Investigating the behavioral constructs of impulsivity domains using principal component analysis

Olin Neuropsychiatry Research Center, Institute of Living at Hartford Hospital, Hartford, Connecticut 06106, USA.
Behavioural pharmacology (Impact Factor: 2.15). 10/2009; 20(5-6):390-9. DOI: 10.1097/FBP.0b013e32833113a3
Source: PubMed


Impulsivity, often defined as a human behavior characterized by the inclination of an individual to act on urge rather than thought, with diminished regard to consequences, encompasses a range of maladaptive behaviors, which are in turn affected by distinct neural systems. Congruent with the above definition, behavioral studies have consistently shown that the underlying construct of impulsivity is multidimensional in nature. However, research to date has been inconclusive regarding the different domains or constructs that constitute this behavior. In addition there is also no clear consensus as to whether self-report and laboratory based measures of impulsivity measure the same or different domains. This study aimed to: (i) characterize the underlying multidimensional construct of impulsivity using a sample with varying degrees of putative impulsivity related to substance misuse, including subjects who were at-risk of substance use or addicted (ARA), and (ii) assess relationships between self-report and laboratory measures of impulsivity, using a principal component-based factor analysis. In addition, our supplementary goal was to evaluate the structural constructs of impulsivity within each group separately (healthy and ARA). We used five self-report measures (Behavioral Inhibition System/Behavioral Activation System, Barratt Impulsivity Scale-11, Padua Inventory, Zuckerman Sensation Seeking Scale, and Sensitivity to Punishment and Sensitivity to Reward Questionnaire) and two computer-based laboratory tasks (Balloon Analog Risk Task and the Experiential Discounting Task) to measure the aspects of impulsivity in a total of 176 adult subjects. Subjects included healthy controls (n = 89), nonalcoholic subjects with family histories of alcoholism (family history positive; n = 36) and both former (n = 20) and current (n = 31) cocaine users. Subjects with a family history of alcoholism and cocaine abusers were grouped together as 'at-risk/addicted' (ARA) to evaluate our supplementary goal. Our overall results revealed the multidimensional nature of the impulsivity construct as captured optimally through a five-factor solution that accounted for nearly 70% of the total variance. The five factors/components were imputed as follows 'Self-Reported Behavioral Activation', 'Self-Reported Compulsivity and Reward/Punishment', 'Self-Reported Impulsivity', 'Behavioral Temporal Discounting', and 'Behavioral Risk-Taking'. We also found that contrary to previously published reports, there was significant overlap between certain laboratory and self-report measures, indicating that they might be measuring the same impulsivity domain. In addition, our supplemental analysis also suggested that the impulsivity constructs were largely, but not entirely the same within the healthy and ARA groups.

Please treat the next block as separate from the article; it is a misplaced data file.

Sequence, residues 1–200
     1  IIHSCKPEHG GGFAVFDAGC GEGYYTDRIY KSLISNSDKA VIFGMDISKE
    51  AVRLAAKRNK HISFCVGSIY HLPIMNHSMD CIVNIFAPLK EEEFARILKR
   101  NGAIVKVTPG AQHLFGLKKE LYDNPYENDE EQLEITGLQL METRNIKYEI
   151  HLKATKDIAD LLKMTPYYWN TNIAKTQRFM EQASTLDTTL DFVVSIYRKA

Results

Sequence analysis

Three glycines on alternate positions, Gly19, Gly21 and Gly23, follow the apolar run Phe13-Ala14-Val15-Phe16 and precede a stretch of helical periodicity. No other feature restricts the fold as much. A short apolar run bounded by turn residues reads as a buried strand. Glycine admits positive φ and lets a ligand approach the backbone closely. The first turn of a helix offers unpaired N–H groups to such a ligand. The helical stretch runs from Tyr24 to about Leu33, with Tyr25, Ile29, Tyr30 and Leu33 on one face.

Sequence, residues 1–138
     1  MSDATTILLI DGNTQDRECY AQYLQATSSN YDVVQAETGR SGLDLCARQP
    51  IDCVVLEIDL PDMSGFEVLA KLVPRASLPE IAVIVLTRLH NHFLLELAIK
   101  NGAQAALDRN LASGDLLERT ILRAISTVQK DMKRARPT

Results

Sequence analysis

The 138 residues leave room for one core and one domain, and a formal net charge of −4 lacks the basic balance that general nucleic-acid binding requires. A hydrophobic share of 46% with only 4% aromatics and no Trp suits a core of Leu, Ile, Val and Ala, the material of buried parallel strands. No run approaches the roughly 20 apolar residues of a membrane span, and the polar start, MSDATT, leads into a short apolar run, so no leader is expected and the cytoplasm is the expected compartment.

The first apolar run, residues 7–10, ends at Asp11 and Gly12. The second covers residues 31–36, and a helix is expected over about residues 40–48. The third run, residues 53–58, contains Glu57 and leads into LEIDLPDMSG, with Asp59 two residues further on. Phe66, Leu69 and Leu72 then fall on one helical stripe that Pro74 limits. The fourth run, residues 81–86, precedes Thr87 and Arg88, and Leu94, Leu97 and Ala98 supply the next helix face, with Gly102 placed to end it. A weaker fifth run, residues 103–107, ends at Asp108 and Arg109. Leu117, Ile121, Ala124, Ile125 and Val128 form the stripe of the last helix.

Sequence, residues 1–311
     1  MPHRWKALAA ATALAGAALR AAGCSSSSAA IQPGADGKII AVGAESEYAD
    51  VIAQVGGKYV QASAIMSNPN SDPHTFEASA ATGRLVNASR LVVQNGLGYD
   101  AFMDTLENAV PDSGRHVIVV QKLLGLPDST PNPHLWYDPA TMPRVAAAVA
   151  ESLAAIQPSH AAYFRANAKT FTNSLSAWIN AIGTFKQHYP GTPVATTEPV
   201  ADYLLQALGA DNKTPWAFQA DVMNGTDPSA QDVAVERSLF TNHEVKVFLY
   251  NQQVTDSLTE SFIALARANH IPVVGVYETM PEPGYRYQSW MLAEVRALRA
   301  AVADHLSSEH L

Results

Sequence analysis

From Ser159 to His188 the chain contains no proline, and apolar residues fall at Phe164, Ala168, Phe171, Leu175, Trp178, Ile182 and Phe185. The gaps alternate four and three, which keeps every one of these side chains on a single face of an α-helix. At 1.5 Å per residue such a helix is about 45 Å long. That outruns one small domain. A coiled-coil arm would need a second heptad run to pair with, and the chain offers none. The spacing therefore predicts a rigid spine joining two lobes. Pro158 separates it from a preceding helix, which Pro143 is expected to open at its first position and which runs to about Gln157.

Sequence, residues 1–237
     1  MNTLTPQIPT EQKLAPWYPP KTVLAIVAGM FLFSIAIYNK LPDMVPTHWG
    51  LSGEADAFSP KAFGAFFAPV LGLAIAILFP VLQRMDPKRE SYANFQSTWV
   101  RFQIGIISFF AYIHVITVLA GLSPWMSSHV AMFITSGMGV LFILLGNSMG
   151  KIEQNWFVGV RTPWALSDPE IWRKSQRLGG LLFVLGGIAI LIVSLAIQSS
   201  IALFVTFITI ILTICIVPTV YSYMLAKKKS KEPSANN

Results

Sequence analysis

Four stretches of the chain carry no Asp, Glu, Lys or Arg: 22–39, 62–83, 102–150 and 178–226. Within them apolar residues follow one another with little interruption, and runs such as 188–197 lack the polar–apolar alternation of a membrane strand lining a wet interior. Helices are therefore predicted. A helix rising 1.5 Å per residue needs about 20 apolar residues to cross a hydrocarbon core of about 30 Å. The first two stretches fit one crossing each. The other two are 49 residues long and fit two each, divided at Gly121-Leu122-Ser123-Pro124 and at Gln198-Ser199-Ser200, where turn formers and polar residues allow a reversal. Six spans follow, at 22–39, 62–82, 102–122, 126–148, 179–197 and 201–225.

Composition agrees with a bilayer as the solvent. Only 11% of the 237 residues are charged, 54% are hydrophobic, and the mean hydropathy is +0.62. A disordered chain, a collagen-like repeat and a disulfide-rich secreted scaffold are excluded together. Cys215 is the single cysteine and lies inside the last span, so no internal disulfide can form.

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Available from: Shashwath A Meda,
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    • "Based on the definition of impulsivity above, lack of planning and lack of regard for future consequences are both important features of impulsivity, as is rapid responding to external and internal stimuli. Consistent with the multiple dimensions of impulsivity based on the definition, prior studies have shown that impulsivity is a multifaceted construct of which two or more components have typically been identified in factor analyses of both self-report and behavioral measures (Broos et al., 2012; Meda et al., 2009; Reynolds et al., 2008; Verdejo-Garcia et al., 2008). One component of impulsivity, rapid response impulsivity (discussed in the accompanying manuscript ), may be further fractionated into impulsive actions relating to refraining from initiating an action versus stopping an action that has been initiated (see Fineberg et al., 2014 and accompanying manuscript). "